The Two-Napkin Protocol
The Computer History Museum has undertaken a new and groundbreaking collaboration with San Jose-based Cisco Systems, Inc. to preserve the company’s three-decade history. The newly established Cisco Archive will document, preserve, and reveal Cisco’s significant role in shaping the Internet and becoming the worldwide leader in networking. One of the most amazing artifacts collected so far tells a classic Silicon Valley story.
It was 1989. Kirk Lougheed of Cisco and Yakov Rekhter of IBM were having lunch in a meeting hall cafeteria at an Internet Engineering Task Force (IETF) conference.
They wrote a new routing protocol that became RFC (Request for Comment) 1105, the Border Gateway Protocol (BGP), known to many as the “Two Napkin Protocol” — in reference to the napkins they used to capture their thoughts.
BGP is still integral to an Internet that has grown from 80 thousand hosts in 1989 to over one billion hosts today. BGP and the World Wide Web share a 25th birthday thanks to Tim Berners-Lee writing the original Web proposal in 1989.
BGP is the routing protocol of the global Internet, as well as of service provider private networks. BGP has expanded upon its original purpose of carrying Internet reachability information. It can now carry routes for Multicast, IPv6, VPNs, and a variety of other data. In other words, BGP continues to play a critical role in allowing the Internet to move large amounts of data quickly and efficiently.
One of the most unique contributions to the Cisco Archive are photocopies of the BGP notes written on the napkins. The napkins themselves have been lost to the landfill.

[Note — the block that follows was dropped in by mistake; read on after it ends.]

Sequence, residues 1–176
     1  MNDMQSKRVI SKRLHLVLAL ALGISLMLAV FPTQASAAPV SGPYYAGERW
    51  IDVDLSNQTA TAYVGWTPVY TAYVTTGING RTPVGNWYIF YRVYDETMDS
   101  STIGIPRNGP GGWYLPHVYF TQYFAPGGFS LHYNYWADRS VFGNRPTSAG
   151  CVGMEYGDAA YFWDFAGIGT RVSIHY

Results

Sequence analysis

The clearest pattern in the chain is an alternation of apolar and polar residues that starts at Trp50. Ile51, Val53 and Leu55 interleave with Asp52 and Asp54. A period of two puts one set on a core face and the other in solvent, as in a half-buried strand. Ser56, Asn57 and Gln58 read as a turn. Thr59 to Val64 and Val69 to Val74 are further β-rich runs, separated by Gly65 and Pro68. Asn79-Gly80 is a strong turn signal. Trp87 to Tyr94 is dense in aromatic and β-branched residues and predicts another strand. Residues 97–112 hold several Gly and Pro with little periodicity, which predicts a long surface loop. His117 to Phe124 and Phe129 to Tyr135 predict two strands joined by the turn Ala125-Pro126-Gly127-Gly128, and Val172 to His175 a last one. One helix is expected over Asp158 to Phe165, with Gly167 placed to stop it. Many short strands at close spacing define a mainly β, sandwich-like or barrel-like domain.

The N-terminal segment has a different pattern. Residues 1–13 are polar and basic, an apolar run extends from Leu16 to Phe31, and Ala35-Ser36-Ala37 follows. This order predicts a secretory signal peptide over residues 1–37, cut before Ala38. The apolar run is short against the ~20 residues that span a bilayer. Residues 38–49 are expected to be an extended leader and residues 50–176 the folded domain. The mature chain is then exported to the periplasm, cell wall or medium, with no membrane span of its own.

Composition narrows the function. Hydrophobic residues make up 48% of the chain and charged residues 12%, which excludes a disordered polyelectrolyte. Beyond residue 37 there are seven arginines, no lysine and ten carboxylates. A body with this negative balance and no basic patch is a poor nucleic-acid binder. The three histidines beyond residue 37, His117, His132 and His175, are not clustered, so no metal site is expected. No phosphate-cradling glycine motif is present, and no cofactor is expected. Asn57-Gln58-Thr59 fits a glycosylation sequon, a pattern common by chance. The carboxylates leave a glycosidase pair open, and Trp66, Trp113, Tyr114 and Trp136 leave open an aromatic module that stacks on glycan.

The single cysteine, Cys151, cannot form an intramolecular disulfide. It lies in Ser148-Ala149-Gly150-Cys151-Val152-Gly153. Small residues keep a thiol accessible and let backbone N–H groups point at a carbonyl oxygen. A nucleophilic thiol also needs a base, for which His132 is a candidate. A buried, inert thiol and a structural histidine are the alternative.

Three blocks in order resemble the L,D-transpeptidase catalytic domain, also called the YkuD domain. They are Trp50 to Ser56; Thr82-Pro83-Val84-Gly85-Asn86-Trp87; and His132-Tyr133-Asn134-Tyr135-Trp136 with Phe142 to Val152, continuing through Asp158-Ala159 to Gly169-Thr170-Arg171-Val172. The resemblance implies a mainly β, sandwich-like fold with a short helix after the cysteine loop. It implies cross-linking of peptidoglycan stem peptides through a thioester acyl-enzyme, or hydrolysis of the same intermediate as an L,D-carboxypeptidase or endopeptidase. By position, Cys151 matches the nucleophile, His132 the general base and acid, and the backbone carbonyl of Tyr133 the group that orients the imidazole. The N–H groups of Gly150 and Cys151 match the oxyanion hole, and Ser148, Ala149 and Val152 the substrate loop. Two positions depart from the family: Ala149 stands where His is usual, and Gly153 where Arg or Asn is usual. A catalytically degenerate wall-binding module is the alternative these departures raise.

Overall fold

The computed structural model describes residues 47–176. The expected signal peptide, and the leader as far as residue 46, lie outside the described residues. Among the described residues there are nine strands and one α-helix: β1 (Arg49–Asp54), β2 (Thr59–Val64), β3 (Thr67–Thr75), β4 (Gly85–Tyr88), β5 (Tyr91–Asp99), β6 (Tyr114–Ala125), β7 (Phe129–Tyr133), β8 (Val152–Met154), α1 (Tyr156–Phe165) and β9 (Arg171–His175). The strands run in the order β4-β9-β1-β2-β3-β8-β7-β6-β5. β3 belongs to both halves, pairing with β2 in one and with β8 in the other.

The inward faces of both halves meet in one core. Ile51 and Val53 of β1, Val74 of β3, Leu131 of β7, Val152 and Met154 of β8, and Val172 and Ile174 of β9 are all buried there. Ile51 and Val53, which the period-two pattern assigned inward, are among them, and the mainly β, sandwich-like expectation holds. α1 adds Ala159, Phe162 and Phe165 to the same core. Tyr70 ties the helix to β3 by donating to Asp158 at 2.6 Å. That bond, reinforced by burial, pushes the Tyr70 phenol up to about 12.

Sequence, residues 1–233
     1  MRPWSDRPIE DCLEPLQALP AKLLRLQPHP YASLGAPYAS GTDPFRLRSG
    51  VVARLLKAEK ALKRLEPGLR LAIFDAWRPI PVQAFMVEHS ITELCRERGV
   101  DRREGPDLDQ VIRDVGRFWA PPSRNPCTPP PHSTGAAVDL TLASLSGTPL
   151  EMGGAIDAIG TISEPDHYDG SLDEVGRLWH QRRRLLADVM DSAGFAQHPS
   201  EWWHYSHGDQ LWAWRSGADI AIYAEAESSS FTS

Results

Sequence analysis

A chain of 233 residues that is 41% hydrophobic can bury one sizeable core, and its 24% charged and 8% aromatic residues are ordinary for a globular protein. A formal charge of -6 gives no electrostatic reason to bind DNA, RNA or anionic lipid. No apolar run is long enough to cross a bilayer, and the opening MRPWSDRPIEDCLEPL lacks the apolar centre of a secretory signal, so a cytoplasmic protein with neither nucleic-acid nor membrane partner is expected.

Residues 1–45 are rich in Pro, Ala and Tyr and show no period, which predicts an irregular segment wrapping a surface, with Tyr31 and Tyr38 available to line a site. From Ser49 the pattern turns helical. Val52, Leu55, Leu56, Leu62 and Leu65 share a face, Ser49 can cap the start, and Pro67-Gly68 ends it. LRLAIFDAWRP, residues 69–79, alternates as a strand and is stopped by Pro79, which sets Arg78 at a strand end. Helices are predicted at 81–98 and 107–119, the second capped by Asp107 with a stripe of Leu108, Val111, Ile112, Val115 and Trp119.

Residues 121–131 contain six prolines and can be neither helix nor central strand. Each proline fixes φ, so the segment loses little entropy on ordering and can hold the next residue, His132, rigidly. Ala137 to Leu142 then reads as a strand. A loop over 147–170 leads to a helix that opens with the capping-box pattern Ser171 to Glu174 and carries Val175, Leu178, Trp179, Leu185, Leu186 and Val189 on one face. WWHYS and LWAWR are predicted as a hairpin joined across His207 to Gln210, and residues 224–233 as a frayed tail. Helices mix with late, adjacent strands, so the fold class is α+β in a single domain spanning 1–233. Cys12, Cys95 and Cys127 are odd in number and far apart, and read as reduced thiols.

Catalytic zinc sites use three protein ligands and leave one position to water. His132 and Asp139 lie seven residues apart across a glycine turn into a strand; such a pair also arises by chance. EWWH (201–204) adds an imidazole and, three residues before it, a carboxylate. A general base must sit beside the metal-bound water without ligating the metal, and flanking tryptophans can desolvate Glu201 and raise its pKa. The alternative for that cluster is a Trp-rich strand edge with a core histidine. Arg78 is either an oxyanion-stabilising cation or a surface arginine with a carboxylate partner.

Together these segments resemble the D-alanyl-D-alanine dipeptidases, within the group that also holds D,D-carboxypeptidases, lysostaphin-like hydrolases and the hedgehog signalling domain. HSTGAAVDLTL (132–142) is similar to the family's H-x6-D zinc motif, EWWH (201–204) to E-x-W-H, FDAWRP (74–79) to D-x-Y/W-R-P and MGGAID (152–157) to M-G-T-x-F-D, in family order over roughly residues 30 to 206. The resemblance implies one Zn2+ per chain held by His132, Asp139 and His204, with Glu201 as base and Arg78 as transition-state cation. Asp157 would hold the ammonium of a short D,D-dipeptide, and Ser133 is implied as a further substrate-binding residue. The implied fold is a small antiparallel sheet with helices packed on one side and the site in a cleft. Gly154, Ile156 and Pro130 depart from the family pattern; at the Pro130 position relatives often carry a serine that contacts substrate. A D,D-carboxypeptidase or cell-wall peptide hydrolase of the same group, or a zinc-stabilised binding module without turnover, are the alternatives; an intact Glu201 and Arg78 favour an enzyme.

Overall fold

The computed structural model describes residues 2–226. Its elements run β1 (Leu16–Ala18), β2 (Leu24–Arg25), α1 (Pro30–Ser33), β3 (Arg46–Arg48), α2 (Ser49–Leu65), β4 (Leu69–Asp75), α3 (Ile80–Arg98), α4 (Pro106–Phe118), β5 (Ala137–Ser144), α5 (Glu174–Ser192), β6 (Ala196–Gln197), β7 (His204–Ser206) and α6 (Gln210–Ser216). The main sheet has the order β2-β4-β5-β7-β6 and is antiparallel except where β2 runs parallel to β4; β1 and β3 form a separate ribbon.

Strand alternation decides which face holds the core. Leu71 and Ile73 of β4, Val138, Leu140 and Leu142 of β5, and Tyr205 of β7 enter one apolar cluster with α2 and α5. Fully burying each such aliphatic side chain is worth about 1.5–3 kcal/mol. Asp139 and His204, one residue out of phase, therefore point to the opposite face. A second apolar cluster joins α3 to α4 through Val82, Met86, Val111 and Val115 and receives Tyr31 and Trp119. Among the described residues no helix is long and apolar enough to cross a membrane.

Complementing the napkins are other items in the Cisco Archive collection, such as the winter 1989 edition of The Packet: Cisco Systems Customer Services Newsletter. It features a cover story on BGP. It’s a throwback to Cisco’s earliest years, highlighting the company’s rapid expansion in concert with the Internet, its emphasis on customer needs, and how it took an active role in creating open standards and policies.
A few hours brainstorming in one afternoon produced a protocol that has lasted for 25 years. Quite the achievement. How many lunches are that productive?
Preserving these stories is integral to preserving the history of both computing and of our region. However, it is not easy to promote history in fast-moving Silicon Valley – always fixated on the next innovation, rarely looking back. The Museum hopes to encourage other Silicon Valley companies to make serious efforts to preserve their unique history, not just for historians but because knowing the past can inspire their own future efforts. By investing in its past a company leverages its tradition of innovation, entrepreneurship, customer service, and responsible administration. Wells Fargo’s Stagecoach brand is a clear example of how history can be woven into the fabric of a company. The Two-Napkin Protocol blog was first posted internally within Cisco, and employee comments showcased the inspiring role history can have. My favorites are “Spellbinding… Amazing… Mind Blowing… Lovable fact of 3 brains working for the good of many!” and “This is a reminder of some of the anecdotal moments in history that made Cisco Great. Bring it back with a 2015 relevance!”
In the past, business history played a limited role in traditional historical research, but with the rise of technology and its impact on the world economy in the 21st century, business is more than ever at the intersection of everyone’s lives. We can no longer understand the world we live in without documenting how the internet explosion and international commerce have changed the globe. The methods and institutions that preserved your grandparent’s history do not suffice in today’s world. Join the Museum in helping preserve our history.